The housing bubble and collapse were felt on a national level, but some markets were a lot more affected than others. Yesterday's Mortgage Bankers Association second quarter delinquency data made clear that some states' housing markets are struggling far more than others. If you follow the sector, then you can probably guess the worst states.
First, here's a map of serious delinquency (from the MBA):
The MBA defines "serious delinquency" as 90+ days delinquent plus foreclosure inventory. You can see that Florida and Nevada are the worst -- by far. For Florida 20.1% of mortgages were seriously delinquent. For Nevada this described 18.9% of mortgages. The other states drop off significantly from there, with Arizona, California, and Illinois the only others above 11% at 11.9%, 11.3% and 11.1%, respectively.
If you look just at 90 days or more delinquent, then the worst are still mostly the same, though Nevada is now #1 with 8.6% of mortgages, followed by California, Arizona, and Florida, all three of which are between 6% and 7%. It's interesting to note, however, that many of these states are doing relatively well in the early stage of delinquency, from 30 to 59 days. California, for example, is suddenly ranked as the 40th worst, or 11th best. Even Nevada comes in 33rd worst.
This likely partially indicates that the initial housing bubble problems, driven by subprime and adjustable-rate* mortgages are taking a backseat recently due to unemployment-driven defaults. Alternatively, other states with high early-stage delinquencies could mean that since the housing inventory in those states isn't as flooded or underwater, struggling homeowners are able to find sellers more easily instead of defaulting.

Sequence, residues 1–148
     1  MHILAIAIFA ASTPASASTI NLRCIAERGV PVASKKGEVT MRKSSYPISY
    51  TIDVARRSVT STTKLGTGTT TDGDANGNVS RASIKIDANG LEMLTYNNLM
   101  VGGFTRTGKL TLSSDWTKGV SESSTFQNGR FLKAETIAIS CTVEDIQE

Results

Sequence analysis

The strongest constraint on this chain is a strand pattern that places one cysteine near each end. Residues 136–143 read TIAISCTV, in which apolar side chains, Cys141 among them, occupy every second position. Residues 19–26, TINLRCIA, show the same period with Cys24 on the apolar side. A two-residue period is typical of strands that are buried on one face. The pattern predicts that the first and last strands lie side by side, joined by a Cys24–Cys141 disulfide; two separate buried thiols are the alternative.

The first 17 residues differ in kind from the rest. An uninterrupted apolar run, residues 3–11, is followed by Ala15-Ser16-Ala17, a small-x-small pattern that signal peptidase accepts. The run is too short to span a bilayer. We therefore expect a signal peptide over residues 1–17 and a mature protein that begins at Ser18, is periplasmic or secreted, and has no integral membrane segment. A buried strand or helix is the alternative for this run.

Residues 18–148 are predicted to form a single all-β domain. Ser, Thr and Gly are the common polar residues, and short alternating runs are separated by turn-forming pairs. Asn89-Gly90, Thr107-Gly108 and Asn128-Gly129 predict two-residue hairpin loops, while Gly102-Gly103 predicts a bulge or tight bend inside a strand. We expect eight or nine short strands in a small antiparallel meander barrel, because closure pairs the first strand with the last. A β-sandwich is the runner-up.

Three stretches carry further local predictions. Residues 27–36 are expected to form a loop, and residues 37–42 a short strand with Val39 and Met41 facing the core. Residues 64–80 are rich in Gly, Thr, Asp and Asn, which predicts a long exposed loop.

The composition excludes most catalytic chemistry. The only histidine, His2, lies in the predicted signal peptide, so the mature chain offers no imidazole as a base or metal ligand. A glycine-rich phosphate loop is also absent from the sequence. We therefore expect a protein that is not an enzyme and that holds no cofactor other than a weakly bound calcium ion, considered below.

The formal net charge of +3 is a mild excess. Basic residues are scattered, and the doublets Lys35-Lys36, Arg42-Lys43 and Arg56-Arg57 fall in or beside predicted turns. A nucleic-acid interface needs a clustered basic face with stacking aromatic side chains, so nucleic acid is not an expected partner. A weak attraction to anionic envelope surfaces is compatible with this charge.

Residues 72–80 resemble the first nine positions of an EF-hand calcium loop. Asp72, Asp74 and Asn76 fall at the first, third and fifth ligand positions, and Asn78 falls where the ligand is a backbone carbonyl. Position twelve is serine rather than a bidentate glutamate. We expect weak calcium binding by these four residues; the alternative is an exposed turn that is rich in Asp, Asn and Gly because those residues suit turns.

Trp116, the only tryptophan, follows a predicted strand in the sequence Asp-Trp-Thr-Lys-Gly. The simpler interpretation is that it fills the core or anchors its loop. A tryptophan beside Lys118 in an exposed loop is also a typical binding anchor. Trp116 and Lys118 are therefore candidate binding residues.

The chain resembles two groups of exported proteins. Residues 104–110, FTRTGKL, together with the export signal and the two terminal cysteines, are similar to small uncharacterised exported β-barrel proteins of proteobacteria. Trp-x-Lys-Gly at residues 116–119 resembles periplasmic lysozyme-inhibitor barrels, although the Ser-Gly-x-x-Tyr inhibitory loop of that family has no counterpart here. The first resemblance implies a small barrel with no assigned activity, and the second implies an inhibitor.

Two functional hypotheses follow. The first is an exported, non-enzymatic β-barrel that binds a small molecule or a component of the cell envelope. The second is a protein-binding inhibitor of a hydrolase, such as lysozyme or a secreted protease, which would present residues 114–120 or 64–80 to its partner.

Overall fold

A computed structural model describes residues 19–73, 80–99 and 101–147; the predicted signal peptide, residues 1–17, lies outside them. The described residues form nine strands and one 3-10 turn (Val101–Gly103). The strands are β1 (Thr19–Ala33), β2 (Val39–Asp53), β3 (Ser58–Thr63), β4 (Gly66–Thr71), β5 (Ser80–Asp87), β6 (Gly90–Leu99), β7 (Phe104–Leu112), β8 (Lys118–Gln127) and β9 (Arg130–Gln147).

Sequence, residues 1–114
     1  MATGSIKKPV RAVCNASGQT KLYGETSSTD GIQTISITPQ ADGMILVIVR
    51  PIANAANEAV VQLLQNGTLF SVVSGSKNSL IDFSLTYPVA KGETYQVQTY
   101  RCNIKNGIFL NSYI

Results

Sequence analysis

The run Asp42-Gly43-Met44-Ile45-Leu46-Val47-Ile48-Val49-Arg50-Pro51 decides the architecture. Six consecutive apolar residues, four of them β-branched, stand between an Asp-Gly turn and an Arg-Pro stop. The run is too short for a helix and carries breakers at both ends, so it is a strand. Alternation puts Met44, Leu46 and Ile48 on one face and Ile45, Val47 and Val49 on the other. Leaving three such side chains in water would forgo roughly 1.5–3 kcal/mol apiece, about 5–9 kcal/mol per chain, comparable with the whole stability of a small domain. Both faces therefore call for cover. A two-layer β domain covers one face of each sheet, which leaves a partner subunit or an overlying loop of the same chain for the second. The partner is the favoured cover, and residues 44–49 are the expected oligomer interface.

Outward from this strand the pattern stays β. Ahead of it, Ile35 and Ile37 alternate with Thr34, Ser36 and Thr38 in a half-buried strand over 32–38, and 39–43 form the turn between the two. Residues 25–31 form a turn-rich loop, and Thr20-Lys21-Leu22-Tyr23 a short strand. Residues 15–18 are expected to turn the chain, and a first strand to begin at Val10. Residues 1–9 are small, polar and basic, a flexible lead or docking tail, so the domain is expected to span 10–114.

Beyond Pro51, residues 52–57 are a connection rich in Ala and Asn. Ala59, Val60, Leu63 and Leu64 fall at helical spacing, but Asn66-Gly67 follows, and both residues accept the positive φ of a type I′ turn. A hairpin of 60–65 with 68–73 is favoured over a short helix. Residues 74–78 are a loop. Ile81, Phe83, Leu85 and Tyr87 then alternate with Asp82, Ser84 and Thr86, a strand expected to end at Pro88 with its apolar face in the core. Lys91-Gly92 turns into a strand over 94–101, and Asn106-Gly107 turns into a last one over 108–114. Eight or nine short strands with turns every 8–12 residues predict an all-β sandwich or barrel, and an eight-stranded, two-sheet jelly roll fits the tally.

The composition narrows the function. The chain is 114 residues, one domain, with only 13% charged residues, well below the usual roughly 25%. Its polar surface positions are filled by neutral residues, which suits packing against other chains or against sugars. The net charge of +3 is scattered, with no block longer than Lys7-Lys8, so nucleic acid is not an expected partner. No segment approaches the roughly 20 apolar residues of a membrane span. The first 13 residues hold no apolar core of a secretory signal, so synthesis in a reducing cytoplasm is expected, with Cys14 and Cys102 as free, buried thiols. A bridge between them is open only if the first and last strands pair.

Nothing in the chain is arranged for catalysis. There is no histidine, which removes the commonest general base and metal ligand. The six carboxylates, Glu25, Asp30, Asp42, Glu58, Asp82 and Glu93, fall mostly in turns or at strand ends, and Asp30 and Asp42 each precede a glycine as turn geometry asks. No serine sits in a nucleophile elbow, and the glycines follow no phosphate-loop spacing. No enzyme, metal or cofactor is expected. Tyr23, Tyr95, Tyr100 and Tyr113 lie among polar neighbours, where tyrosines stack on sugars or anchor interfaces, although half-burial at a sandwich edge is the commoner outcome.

As for the lagging foreclosure indicators, however, it's those usual suspects that remain troubled. Here's foreclosure inventory (from the MBA):
And foreclosure starts (from the MBA):
You have to wonder how the economies of states like Nevada, Florida and Arizona will fare going forward. They were all very dependent on housing, an industry which will be very weak for a prolonged period. This contrasts with California, which already appears to be improving relative to the rest of the pack, probably because its economy is better diversified in a variety of industries like technology and media.
Note: Thanks to the Mortgage Bankers Association, which provided its consent to republish its charts here.
*Update: I should have been clearer here. As I mention in response to a comment by Jozef_2, the sorts of ARMs I'm talking about are those wacky ones that included teaser rates and were generally marketed to people who couldn't ultimately afford their resets. Plain vanilla ARMs are probably looking pretty nice right about now, since rates are at record lows.